The administration of corticosteroids has been reported to lead to reactivation in 70% of the latently infected cats [3]. Infectious virus is carried by anterograde axonal transport to peripheral tissues, usually to cells at or near the site of initial infection, and is a potential source of viral transmission [6, 7].

The role of reactivation in the epidemiology of alphaherpesviruses is directly related to the frequency by which it takes place. Some herpesviruses, including FeHV-1, reactivate much more easily than others from the latent state, both under natural and experimental conditions. The ease by which latent FeHV-1 DNA is reactivated is an important element in the justification of FeHV-1 infection of cats as a natural host model to study the molecular pathogenesis of herpesvirus latency and approaches to prevent it.

7. Diagnosis

Clinically, there is an overlap between the symptomatology of acute FeHV-1 and feline calicivirus (FCV), another major respiratory disease of cats. Distinguishing features of FeHV-1 infection are high fever and corneal ulcerations. In contrast, ulcers of the tongue, palate, and pharynx are more typical or encountered more frequently in calicivirus infections.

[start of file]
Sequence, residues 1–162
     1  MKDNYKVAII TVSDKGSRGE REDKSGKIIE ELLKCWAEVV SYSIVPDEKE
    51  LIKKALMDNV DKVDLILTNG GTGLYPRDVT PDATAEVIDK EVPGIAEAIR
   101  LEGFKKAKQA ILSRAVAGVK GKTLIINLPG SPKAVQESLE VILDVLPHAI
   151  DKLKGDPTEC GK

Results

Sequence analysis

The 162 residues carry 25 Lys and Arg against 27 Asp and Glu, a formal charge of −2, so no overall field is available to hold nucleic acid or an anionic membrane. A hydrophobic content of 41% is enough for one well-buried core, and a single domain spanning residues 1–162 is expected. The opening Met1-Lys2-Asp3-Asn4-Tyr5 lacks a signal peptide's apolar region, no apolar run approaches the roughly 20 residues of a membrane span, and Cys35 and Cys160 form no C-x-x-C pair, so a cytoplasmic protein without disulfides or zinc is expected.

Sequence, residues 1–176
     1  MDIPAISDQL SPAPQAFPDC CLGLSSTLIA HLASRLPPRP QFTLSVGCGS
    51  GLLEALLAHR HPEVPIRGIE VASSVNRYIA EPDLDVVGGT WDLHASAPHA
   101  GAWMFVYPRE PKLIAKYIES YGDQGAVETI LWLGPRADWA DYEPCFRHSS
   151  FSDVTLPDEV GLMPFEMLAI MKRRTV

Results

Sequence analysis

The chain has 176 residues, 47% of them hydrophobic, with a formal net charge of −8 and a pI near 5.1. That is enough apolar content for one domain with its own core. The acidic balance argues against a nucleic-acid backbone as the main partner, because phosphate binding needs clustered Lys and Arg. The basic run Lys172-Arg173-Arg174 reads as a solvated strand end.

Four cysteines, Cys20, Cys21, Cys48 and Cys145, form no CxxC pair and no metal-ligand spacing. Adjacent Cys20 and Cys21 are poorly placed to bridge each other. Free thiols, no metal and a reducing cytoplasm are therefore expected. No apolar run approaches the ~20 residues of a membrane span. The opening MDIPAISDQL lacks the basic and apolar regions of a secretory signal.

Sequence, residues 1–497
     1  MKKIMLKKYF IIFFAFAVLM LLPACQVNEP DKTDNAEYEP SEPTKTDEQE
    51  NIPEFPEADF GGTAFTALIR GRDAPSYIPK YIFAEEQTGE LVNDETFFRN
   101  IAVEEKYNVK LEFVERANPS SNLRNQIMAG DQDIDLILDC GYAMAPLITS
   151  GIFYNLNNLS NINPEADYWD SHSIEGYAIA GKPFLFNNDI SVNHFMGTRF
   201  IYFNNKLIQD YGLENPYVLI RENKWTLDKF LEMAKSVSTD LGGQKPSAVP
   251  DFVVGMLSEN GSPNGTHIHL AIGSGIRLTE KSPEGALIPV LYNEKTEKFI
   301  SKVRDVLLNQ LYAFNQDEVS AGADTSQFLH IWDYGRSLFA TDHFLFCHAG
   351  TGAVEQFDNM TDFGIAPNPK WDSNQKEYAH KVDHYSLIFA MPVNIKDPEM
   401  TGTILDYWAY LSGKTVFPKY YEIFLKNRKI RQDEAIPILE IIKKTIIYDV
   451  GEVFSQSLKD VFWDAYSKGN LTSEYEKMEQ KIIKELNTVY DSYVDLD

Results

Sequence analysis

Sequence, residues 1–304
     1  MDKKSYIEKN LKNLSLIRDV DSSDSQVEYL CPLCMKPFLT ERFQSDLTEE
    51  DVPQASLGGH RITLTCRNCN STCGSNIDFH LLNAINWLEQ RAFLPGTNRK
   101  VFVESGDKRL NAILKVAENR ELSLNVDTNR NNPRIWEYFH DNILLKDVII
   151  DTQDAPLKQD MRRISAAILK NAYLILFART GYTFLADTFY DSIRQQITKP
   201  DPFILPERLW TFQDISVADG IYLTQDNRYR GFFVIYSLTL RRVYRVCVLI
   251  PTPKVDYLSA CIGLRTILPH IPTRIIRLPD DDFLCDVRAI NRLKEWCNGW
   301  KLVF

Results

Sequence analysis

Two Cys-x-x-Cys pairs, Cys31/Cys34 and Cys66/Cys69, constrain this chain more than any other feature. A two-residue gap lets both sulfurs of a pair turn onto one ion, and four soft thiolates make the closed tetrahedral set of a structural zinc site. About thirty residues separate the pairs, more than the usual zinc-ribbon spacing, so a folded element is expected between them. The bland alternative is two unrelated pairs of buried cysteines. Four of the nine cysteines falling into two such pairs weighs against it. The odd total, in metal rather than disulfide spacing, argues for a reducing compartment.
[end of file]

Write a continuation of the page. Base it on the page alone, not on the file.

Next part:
The most common laboratory diagnostic methods to demonstrate the presence of FeHV-1 or viral components in tissue homogenates or swabs include the direct fluorescent antibody (FA) test, virus isolation (VI), and PCR [3, 5, 18].

Fluorescent antibody testing is performed on conjunctival or corneal tissue. This test is far less commonly used now than it used to be. Topical fluorescein, used to visualize ulcers, should be avoided prior to collecting samples.

Laboratory diagnosis of acute FeHV-1 is now most commonly performed by virus isolation (VI) or PCR, using oronasal and conjunctival swab extracts as the samples. VI detects infectious virus and has been the laboratory diagnostic gold standard [4, 28].

Multiple PCR assays have been described for use in the detection of FeHV-1 DNA. An excellent TaqMan-based real-time PCR assay, described by Vögtlin et al. [33], targets a conserved portion of the FeHV-1 gB gene. The assay was determined to be very specific for FeHV-1, and its detection limit was between 0.6 and 6TCID50. Infectious virus titers and viral DNA correlated over a wide dilution range. The real-time PCR (qPCR) was evaluated on sequentially collected ocular fluid extracts. Early during infection, referred to as phase 1, the correlation between virus titers and qPCR signals was very high. Next, during so called phase 2, a rapid decline in infectious virus titers was seen, while the qPCR signals remained high. During the final phase, referred to as phase 3, infectious virus was no longer detectable, and the quantitative PCR signals were also declining. Analysis of the combined virus detection and qPCR results on 20 clinical samples allowed the authors to reliably define the phase of the infection during which the samples had been collected. Realizing the cost of combined testing, it was suggested to test consecutive samples by qPCR to accomplish this goal.